First it was the conspiracy theory that Li(e)bor traders were manipulating the entire rates market which a year ago became conspiracy fact. Then it was commodities with an emphasis on the energy market (but not gold - gold is never, ever manipulated) with even such luminaries as JPMorgan's Blythe Masters, subsequently implicated. And moments ago, via Bloomberg, to absolutely nobody's surprise, we learn that that final market which so far had not been exposed as the "wild west" of manipulators, the FX market, is part of the conspiracy "fact" too. According to Bloomberg, "employees have been front-running client orders and rigging WM/Reuters rates by pushing through trades before and during the 60-second windows when the benchmarks are set, said the current and former traders, who requested anonymity because the practice is controversial. Dealers colluded with counterparts to boost chances of moving the rates, said two of the people, who worked in the industry for a total of more than 20 years."
Both Keynesians and monetarists believe that increased government spending, or more money injected into the economy, is sometimes necessary. The intervention is in the form of unfunded government spending, artificially low interest rates to boost demand for money and bank credit, or a drive to make the currency “competitive” by lowering it. These methods have been tried unsuccessfully time and again, and they must be denounced if we are to understand our true economic condition. The reason they don’t work can be summarized as both an oversight and a fallacy.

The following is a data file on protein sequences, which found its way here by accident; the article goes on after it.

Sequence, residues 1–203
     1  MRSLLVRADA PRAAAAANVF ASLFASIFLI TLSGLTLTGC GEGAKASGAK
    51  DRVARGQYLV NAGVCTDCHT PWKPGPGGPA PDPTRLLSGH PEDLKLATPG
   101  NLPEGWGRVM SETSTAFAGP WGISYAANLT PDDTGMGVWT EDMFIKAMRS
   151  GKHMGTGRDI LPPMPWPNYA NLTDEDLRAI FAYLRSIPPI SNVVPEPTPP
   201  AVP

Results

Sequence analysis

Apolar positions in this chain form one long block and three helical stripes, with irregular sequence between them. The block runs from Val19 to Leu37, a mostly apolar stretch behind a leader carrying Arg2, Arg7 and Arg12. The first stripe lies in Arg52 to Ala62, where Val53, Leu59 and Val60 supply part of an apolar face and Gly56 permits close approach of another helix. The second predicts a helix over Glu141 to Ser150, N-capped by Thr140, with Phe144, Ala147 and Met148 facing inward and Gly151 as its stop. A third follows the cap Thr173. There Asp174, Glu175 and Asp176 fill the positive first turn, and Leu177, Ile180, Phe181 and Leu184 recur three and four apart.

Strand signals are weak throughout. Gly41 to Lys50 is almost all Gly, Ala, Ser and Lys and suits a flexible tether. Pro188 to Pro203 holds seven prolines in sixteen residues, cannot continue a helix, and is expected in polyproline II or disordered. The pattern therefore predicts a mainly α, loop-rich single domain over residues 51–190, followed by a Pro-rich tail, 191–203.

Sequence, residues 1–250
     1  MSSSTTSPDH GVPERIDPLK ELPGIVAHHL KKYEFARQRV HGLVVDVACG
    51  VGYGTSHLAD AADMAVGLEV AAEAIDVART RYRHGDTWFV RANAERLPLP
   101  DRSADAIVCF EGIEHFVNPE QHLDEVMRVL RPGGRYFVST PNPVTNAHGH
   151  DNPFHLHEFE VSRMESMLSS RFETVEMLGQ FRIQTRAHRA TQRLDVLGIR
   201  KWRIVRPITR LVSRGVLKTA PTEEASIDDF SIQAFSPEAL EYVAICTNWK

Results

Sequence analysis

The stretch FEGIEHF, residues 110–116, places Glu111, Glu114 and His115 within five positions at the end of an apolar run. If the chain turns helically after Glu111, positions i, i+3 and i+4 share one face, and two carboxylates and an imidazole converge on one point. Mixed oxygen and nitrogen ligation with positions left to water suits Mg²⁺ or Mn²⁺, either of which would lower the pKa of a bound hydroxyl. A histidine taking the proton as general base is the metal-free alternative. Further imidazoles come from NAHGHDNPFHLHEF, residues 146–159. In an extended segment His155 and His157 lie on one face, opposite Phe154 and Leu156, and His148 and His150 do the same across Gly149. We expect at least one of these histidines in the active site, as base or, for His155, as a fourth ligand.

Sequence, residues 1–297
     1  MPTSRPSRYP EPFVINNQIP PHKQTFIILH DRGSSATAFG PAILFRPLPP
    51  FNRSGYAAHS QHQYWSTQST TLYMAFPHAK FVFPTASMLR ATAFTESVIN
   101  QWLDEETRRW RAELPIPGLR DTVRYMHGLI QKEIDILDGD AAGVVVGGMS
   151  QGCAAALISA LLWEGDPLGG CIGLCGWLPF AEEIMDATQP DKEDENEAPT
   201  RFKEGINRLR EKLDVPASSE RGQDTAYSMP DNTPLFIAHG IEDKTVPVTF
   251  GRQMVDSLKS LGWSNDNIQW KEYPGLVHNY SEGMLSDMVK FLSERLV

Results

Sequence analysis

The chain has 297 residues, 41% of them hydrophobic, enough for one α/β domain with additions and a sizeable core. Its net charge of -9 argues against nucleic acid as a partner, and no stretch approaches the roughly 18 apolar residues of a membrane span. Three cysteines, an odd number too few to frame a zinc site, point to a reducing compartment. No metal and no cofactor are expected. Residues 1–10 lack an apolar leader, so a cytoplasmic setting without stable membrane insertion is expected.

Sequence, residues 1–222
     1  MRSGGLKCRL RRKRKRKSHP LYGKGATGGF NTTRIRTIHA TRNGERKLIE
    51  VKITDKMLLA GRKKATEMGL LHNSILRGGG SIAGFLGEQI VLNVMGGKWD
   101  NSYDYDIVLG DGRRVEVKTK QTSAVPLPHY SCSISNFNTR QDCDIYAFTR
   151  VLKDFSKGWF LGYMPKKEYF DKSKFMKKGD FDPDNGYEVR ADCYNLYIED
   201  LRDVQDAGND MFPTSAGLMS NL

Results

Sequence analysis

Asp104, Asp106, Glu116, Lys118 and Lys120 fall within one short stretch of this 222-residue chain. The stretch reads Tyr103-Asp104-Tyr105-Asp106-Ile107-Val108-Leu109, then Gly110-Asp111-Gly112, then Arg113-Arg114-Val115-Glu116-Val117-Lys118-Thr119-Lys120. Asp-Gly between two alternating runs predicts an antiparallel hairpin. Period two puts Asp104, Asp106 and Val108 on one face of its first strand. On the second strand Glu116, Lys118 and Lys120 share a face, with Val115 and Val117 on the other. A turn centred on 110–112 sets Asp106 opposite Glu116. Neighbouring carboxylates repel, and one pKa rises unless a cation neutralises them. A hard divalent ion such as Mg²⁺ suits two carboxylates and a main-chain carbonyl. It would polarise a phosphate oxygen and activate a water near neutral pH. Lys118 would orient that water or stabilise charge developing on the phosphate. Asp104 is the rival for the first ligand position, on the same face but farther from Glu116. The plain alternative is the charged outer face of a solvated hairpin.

Trading has a few simple rules - do the opposite of Goldman's Thomas Stolper; don't fight the Fed; and buy low, sell high. However, as this series of charts from Nanex shows, it is the latter rule that is the easiest to comprehend and yet - thanks to massive and obvious HFT manipulation - is an extremely difficult thing to do. As Nanex's Eric Hunsader notes, high frequency trading algos do not get much clearer than this as the machines buy low (from you) and sell high (to you) each and every millisecond of the trading day.